- China capital outflows hit record in August on yuan weakness - Business Times
- Chinese authorities are facing a slowing economy and a slump in share prices that has alarmed global investors - Financial Times, 16th September 2015
- Growth in China's investment and factory output in August has come in below forecasts, in a further indication that the world's second-largest economy is losing steam - BBC, 13th September 2015
- Trade data suggested a big decline in China’s imports and exports in August. The central bank said that its foreign-exchange reserves dropped by a record $94 billion last month, due to interventions in currency markets - The Economist, 11th September 2015
- China leading world towards global economic recession, warns Citi - The Telegraph, 9th September 2015
- China’s Exports Down 6.1% In August, Imports Fall 14.3%, But Trade Surplus Sharply Up - International Business Times, 8th September 2015
- Rising labour cost in China is one reason why companies are looking elsewhere for manufacturing activities - EJ Insight
- Will the past week be remembered as the one that put an end to China’s rise? - Eurasia Group, 31st August 2015
- China's Slowdown - Financial Times, 26th August 2015
- Chinese stocks plunged more than 8% in panic selling, with flagship indexes smashing key support levels and posting their biggest one-day percentage losses since the height of the global financial crisis in 2007 - Reuters, 24th August 2015
- China’s stockmarkets remained turbulent, including a 6% plunge in the Shanghai Composite Index on August 18th - The Economist, 23rd August 2015
- Still plenty of concern about china's markets, as the shanghai composite index suffered another round of serious drops last week - Eurasia Group, 03 August 2015
- Corporate giants sound profits alarm over China slowdown - Financial Times, 30th July 2015
- Lagarde plays down China stock jitters - Financial Times, 28th July 2015
- China stocks take the lead in Asian markets recovery - CNBC, 29th July 2015
- China markets rout resumes with 8.5% Shanghai sell-off - Financial Times, 28th July 2015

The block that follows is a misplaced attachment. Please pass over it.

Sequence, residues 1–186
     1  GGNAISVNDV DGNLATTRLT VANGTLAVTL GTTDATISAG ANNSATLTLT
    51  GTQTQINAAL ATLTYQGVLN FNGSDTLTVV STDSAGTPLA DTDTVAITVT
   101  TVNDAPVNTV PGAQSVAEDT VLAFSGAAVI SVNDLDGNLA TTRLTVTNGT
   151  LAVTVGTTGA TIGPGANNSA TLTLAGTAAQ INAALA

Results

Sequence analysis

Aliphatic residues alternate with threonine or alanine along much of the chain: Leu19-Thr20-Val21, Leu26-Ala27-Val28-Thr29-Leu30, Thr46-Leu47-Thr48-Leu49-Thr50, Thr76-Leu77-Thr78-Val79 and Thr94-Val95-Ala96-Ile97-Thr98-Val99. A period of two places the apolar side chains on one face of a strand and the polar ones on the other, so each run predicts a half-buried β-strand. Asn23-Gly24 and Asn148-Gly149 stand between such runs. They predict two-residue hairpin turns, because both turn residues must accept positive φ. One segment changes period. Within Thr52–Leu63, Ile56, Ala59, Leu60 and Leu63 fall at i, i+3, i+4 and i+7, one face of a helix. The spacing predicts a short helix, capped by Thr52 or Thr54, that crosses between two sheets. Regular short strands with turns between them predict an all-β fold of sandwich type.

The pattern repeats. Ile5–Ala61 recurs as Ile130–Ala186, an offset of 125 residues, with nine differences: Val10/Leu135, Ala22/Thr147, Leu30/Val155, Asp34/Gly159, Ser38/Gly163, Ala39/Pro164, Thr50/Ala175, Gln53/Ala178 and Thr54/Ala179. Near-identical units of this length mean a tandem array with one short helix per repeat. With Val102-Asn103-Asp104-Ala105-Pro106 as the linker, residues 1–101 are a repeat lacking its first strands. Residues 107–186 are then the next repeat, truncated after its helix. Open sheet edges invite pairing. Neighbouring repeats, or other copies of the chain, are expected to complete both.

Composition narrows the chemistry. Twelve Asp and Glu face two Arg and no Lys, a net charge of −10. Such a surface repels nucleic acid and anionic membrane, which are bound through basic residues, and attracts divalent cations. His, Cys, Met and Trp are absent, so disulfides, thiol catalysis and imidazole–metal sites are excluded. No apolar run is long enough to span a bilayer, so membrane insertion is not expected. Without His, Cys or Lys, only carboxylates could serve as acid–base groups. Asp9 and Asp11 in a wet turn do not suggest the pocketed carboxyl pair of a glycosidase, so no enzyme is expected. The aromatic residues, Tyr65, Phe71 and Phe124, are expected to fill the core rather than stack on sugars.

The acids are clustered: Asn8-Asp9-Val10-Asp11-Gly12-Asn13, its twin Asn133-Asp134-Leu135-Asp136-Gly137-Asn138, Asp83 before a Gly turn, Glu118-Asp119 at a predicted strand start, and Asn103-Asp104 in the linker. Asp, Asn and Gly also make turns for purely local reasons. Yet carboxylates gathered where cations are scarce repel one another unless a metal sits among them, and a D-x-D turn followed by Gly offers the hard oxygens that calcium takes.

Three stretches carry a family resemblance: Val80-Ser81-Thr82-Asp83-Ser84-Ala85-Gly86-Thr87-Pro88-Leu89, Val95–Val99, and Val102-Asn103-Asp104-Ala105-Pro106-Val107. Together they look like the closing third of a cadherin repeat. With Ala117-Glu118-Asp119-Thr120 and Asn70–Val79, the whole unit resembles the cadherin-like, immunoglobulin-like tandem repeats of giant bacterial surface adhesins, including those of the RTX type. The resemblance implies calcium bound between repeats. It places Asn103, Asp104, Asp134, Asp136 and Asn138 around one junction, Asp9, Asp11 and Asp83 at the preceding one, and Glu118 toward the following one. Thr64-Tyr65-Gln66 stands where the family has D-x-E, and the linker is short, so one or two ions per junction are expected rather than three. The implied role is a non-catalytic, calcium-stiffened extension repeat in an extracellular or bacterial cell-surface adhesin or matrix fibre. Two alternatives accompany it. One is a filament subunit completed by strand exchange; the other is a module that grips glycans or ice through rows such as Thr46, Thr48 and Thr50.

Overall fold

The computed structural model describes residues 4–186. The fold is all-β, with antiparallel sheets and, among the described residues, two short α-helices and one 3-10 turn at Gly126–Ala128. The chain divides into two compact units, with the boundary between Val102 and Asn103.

- Beijing faces dilemma after China stock market rout - Financial Times, 28th July 2015
- Despite some subsequent correction, the Shanghai Composite and Shenzhen Composite both initially plunged about 30% from their highs due to concerns that Chinese stocks are in a bubble. As one tweeter put it, "China has lost 15 Greeces in market cap in three weeks".
- Indeed, the Chinese government intervened to try to stem the popping of a stockmarket bubble. While the impact on the real economy in the short term is likely to be slight, for the EIU there are two big reasons to be more pessimistic longer-term. The first is that the Chinese leadership firmly stamped their names on the intervention. It looks to be their first major misstep, and could be the precursor to some internal wrangling. The second is what the intervention says about the likelihood of medium-term economic reform: certainly it does not seem to reflect policymakers committed to giving markets a 'decisive' role, as promised in 2013 by the Chinese Communist Party government.
- In short, a number of respected commentators are now advising that, despite the understandable short-term focus on Greece, we should be paying at least as much attention to China, not least because there are other weak signals emerging in the wider Asia region - e.g. global manufacturing activity slowed and edged closer to stagnation in June, with Asia lying at the centre of global manufacturing weakness; factories there reported a fourth successive monthly deterioration in business conditions.